Between Kant and Hegel: Lectures on German Idealism

By Dieter Henrich; David S. Pacini | Go to book overview

18
The Turn to
Speculative Theology

Analyzing systematically the three paradoxes that recur in the usual interpretation of self-consciousness has opened a path for me to interpret the various stages of Fichte's theory of self-consciousness. I am proposing that it is possible to construe the three stages of the development of Fichte's Sci ence of Knowledge as attempts to escape each of these paradoxes in turn.

Fichte effectively resolves the first paradox—the paradox of the theory of self-consciousness as a reflective act—through his introduction of the notion of the self as positing, which is simultaneously act and determinate result. Fichte's complicated analysis of the elements of self-consciousness that appears in the 1798 Science of Knowledge aims at resolving the second paradox—the paradox of the theory of self-consciousness as original immediate self-acquaintance.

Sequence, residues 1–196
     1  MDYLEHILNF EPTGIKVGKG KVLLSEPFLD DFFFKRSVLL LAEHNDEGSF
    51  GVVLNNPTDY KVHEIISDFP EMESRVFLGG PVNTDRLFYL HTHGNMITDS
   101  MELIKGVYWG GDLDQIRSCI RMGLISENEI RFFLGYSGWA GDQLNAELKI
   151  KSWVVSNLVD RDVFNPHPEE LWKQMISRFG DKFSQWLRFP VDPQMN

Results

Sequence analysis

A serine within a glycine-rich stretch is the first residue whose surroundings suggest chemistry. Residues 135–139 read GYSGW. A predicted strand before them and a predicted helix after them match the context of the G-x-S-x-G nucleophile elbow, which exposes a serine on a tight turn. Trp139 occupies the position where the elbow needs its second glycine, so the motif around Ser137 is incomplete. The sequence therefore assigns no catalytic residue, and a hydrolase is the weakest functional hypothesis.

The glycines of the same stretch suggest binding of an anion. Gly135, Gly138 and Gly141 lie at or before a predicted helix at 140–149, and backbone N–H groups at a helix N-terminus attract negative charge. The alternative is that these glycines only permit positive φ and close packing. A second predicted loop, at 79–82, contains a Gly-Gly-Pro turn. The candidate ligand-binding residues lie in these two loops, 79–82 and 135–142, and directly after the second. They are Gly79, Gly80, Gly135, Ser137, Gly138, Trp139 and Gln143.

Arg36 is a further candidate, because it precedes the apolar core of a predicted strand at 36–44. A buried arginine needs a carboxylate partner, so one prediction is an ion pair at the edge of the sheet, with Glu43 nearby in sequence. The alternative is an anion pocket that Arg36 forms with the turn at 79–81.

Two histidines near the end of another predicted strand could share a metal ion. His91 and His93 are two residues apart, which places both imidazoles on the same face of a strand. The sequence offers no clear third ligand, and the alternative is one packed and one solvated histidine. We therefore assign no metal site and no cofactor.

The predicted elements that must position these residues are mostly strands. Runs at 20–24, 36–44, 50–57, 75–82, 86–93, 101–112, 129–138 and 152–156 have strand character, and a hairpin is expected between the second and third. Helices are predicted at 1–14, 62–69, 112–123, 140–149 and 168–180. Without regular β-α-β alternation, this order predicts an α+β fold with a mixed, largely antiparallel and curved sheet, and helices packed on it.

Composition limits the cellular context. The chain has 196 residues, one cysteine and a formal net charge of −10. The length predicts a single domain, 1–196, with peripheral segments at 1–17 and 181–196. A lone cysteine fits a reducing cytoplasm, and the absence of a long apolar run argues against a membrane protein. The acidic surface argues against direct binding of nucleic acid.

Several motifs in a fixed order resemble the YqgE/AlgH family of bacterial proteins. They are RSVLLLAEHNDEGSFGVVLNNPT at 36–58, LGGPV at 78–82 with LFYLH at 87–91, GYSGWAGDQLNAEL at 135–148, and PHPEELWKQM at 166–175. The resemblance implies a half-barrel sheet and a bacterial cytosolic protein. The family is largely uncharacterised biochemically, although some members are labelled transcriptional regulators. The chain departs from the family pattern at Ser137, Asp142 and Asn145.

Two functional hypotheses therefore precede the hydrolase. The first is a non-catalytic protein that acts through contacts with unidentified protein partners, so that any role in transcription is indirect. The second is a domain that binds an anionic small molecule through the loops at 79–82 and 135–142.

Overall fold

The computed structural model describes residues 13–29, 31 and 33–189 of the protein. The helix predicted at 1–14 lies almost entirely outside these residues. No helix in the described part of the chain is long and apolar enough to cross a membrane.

Fichte's analysis of self-consciousness in the 1798 Science of Knowledge is prolix, so I shall briefly recapitulate my reconstruction of his argument. The important point is that the self not only posits itself, but also posits itself as positing. This way of putting the matter yields at least two elements: (1) the positing act, with an accompanying immediate awareness that is not yet self-referential; and (2) the conceptual knowledge of what the act is. This formulation represents a significant change from the 1794-1795 Science of Knowledge: now the knowledge of the act is no longer the determinate product of the activity; instead, the act and the knowledge of it occur simultaneously from the outset. Fichte attempts to show that the reciprocal interdependence between them proves their inseparability. He argues that the concept that provides knowledge of the act refers to the act as basic, yet the concept itself is also basic, insofar as it directs the act. If we were to pursue the analysis of this concept that directs the act, we would find

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